Slender: The Arrival
Posted by Curtis H on April 2nd, 2015 | 0 Comments | Tags: Slender: The Arrival
I find Slenderman and the story around its creation to be rather fascinating. I also think the concept of what Slenderman is to be really scary. The idea of a human-like figure that’s just slightly off combined with the disappearing kids angle is the kind of thing that creeps me out the most. Of course it’s not always kids vanishing and with things like Marble Hornets out there the story around Slenderman seems to typically be the same. Someone has seen too much, there’s mysterious markings all over the walls, and there’s usually a mysterious person involved who we only know through their initials. Such is the case with Slender: The Arrival. Our friend is missing so we’ve made the trip to their house armed with a camera in order to figure out just what happened.
In addition to the camera, that comes complete with a recording overlay that can be toggled on/off, you also come into possession of a flashlight pretty early in the game. From there most of the game is just a matter of exploring each location, occasionally interacting with things in the environment, some very light puzzle solving, and making sure you don’t have a run in with our friend Slendy. The game starts out in your friend’s abandoned house (complete with weird markings on the wall) before moving to the forest, an abandoned mine, and then a few other locations that I’ll refrain from mentioning as not to spoil anything. The gameplay itself isn’t anything special, but it does what it needs in order to move the story along. There’s also the fact that this game was built around the 8-pages Slenderman game. Which means there’s a couple sections where you’ll need to collect/activate a set number of things that are scattered in an open environment before progressing. These sections are short, but I didn’t really care for them that much. Finding 8 pages in the woods with Slender chasing you can be pretty creepy, but it also kind of feels out of place for what the rest of the game is.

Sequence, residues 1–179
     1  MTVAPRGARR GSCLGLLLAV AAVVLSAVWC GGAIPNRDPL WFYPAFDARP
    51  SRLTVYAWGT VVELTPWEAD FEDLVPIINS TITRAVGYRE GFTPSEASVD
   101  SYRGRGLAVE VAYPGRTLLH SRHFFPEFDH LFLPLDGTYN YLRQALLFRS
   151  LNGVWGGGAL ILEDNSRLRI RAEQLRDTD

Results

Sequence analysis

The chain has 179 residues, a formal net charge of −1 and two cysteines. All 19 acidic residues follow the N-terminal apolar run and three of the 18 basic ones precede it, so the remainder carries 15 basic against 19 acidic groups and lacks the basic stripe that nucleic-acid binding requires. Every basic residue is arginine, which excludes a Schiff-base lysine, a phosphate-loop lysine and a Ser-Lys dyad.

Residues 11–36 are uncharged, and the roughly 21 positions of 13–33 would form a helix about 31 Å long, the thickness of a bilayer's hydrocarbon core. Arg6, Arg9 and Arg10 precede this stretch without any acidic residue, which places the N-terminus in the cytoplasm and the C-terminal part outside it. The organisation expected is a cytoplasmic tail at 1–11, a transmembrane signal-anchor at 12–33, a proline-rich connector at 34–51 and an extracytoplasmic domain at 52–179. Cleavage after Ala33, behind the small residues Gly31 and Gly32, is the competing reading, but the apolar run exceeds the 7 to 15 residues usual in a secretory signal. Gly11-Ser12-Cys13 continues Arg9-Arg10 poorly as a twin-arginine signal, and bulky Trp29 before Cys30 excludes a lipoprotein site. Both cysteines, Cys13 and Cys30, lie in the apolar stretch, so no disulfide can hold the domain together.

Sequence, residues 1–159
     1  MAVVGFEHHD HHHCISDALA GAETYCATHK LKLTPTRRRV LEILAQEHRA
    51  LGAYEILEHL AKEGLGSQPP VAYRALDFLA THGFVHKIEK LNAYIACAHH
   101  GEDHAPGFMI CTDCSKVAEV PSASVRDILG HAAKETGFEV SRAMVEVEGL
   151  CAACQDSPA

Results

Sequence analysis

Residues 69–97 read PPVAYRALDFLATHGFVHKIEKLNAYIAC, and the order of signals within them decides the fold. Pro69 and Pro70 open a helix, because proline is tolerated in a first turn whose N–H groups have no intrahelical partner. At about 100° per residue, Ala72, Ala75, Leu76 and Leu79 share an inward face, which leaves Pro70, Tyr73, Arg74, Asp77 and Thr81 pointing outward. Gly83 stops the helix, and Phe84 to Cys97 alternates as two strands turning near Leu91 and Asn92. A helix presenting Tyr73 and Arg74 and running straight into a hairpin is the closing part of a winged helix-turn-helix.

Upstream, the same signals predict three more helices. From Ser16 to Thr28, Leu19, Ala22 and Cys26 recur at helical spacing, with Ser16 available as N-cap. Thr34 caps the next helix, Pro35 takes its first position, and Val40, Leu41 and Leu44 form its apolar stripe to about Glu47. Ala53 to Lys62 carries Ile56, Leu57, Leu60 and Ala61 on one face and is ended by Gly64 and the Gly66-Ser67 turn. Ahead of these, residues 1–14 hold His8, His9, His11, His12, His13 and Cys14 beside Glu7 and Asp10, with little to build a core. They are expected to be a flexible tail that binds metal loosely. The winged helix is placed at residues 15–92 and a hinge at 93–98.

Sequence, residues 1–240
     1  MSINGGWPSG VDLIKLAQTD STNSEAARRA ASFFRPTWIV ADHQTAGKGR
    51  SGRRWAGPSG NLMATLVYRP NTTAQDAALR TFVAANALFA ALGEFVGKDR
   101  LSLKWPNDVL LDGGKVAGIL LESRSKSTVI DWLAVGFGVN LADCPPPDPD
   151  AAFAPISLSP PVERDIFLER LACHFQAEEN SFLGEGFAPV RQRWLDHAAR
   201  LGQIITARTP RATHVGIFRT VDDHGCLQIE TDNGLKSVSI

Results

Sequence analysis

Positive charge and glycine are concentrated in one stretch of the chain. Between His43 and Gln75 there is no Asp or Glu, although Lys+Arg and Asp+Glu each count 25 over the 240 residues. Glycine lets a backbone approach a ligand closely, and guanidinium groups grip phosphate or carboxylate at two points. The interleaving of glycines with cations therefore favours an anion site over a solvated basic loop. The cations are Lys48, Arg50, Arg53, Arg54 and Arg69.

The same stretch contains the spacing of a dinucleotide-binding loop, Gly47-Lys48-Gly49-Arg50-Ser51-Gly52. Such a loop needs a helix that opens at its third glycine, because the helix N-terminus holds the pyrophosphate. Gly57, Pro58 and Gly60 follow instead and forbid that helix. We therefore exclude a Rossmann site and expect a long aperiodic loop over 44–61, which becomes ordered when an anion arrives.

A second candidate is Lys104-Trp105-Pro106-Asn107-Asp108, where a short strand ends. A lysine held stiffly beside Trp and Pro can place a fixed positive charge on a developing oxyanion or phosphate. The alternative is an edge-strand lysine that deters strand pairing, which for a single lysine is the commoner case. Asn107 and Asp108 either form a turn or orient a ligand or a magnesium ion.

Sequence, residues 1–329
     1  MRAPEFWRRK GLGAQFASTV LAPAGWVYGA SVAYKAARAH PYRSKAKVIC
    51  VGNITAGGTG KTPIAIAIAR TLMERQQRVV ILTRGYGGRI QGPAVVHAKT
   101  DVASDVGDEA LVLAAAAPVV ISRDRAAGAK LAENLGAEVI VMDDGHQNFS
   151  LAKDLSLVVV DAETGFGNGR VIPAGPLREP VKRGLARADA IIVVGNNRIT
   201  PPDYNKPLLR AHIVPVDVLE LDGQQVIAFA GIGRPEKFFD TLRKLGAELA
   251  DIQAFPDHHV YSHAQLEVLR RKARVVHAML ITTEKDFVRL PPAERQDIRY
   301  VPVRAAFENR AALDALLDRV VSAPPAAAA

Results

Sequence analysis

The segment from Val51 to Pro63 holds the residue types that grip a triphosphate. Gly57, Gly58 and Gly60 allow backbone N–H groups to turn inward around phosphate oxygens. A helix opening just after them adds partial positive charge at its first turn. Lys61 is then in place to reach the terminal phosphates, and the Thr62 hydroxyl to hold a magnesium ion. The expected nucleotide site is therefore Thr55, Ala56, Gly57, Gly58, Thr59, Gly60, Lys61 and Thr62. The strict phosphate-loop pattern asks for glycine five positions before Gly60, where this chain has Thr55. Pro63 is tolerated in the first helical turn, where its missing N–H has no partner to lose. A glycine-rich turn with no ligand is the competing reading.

If you’re familair with Slenderman lore then the story here won’t be all that different. There are a few surprises, but The Arrival covers all of the essentials in the ways that you’d expect. That said I think the game does a good job of demonstrating how terrifying Slenderman can be. It’s great at blending Slenderman in with the background so that you might completely miss him. There’s a lot of subtle touches that are pretty creepy if you see them, but can be totally missed by those less observant. I also love that Slenderman isn’t something that will chase you. It’s always there. Always watching. Unfortunately that doesn’t mean that the game doesn’t include some – other – things that do chase you.
Slender to me always demonstrates why it’s so scary to feel like someone or something is watching you. I think Slenderman The Arrival succeeds in doing that. At the same time I think the gameplay and story could be more interesting. It’s pretty cool that Slender has its own game, I just wish it was better.
A copy of this game was provided by the publisher for review purposes. For more info on our review policy click here.
- Developer: Blue Isle Studios
- Publisher: Blue Isle Studios
- Platforms: PS3, PS4 (Reviewed)
- Release Date: March 2015
- Genre: Horror
What I Like:
- Sound design when Slendy is around
- Lots of subtle moments when Slenderman is in the background and can potentially go unnoticed
- The feeling of being watched is done well
What I Dislike:
- 8 Pages segment
- Uninteresting gameplay
- Wish it was a little bit longer